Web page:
Despite the potential for a cacophony of tone, Dickinson remains coherent and connected through each of its directors right until the end. Steinfeld attributes this to an early conversation between her and series creator Alena Smith. “We’re going to have directors come and go, but you and I are here to stay,” Steinfeld recalls Smith sharing with her before the first season. What finally brings this connection full-circle is Smith’s debut direction of the season finale.
The successful collaboration between Steinfeld and Smith is evidently attributed to both of their desire to give the real Emily Dickinson the respect that she deserves. There are times when we watch shows and movies based on real-life and have an innate feeling that the inspiration would watch with disgust or feel betrayed by the adaptation. But despite how Dickinson is comfortable shifting source material or expanding on stories that probably never happened, there’s a sense that Emily would have watched with pride.
Image via Apple TV+.
How The Series Finale For Dickinson Quietly Comments on Sue and Emily
Notably missing from the series finale of Dickinson is interactions between Emily and Sue, the primary romance that has been ongoing throughout the seasons. Their relationship touches on the connections between friends to lovers and everything in between in a way that only queer relationships can juggle, and it decides to wrap it all up in the penultimate episode.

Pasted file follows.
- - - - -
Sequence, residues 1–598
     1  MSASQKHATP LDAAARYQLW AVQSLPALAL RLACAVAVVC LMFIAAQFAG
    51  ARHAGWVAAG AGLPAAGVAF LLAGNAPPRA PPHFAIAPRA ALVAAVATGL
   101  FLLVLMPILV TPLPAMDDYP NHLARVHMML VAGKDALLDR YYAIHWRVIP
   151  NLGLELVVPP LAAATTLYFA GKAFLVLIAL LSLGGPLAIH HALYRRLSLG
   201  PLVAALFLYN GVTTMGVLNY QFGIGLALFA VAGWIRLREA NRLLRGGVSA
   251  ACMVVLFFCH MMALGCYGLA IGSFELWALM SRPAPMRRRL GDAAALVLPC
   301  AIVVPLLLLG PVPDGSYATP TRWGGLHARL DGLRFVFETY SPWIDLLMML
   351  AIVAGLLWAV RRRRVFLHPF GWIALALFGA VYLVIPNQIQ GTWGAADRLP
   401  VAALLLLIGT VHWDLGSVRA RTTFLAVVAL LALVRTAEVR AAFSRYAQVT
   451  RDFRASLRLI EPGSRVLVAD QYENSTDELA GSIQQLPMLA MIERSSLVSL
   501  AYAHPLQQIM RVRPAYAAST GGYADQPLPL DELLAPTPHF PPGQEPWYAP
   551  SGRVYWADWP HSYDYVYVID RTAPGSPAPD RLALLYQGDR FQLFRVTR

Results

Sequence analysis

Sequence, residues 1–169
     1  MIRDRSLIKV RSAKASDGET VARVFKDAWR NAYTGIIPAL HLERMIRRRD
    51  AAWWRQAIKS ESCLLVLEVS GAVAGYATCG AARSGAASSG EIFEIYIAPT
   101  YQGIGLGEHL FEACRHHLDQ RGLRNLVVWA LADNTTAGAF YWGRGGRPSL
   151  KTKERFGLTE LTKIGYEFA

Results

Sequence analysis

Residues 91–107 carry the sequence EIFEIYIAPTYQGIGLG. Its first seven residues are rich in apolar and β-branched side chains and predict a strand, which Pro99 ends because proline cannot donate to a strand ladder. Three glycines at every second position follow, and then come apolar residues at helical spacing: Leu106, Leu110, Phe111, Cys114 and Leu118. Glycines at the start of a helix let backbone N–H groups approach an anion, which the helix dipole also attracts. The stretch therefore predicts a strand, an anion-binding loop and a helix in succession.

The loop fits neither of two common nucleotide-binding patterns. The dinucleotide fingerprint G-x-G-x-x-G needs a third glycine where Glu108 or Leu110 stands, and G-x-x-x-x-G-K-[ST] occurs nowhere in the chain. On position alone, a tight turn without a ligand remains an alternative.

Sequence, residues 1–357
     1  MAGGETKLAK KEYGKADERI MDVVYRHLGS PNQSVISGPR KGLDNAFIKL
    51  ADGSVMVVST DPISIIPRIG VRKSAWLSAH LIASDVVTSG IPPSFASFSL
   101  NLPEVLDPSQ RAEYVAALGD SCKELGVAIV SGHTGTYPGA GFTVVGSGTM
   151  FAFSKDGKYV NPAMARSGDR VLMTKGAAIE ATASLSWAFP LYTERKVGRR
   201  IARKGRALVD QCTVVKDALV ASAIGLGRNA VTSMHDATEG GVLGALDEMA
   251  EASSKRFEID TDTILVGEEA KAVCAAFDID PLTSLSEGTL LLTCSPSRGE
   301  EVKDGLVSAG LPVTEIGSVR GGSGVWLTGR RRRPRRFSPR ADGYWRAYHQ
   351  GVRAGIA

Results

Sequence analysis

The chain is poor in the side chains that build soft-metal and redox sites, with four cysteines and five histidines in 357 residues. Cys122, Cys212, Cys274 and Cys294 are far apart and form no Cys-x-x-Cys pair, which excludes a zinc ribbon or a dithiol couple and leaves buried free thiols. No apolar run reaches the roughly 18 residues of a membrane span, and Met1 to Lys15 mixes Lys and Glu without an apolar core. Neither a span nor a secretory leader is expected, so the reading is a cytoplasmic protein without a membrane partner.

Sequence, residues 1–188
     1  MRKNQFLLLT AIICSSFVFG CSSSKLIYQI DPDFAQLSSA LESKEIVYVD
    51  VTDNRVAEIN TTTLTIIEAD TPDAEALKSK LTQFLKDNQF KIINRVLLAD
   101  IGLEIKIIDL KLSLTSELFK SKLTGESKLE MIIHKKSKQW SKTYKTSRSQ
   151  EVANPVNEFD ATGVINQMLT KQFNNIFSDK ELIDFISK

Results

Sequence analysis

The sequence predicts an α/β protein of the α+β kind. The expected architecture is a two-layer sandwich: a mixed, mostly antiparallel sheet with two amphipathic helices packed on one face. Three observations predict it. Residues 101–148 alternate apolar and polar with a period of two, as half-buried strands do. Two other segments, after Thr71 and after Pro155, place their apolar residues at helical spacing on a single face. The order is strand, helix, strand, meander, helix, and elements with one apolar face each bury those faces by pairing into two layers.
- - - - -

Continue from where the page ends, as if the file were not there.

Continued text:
Steinfeld comments that she thinks it is an interesting choice to have them in the previous episode instead of this one. The reason for its success, she says, is due to the “hopelessness and hopefulness” born between them.
“We expect to maybe see them one last time at the very end, but the ending of this show, it’s so open-ended in the most beautiful, hopeful way that we see Emily heading towards her future,” Steinfeld also adds. Of course, we know that there is a vast future ahead of them both. The real Dickinson lived to be 55, and Sue 83.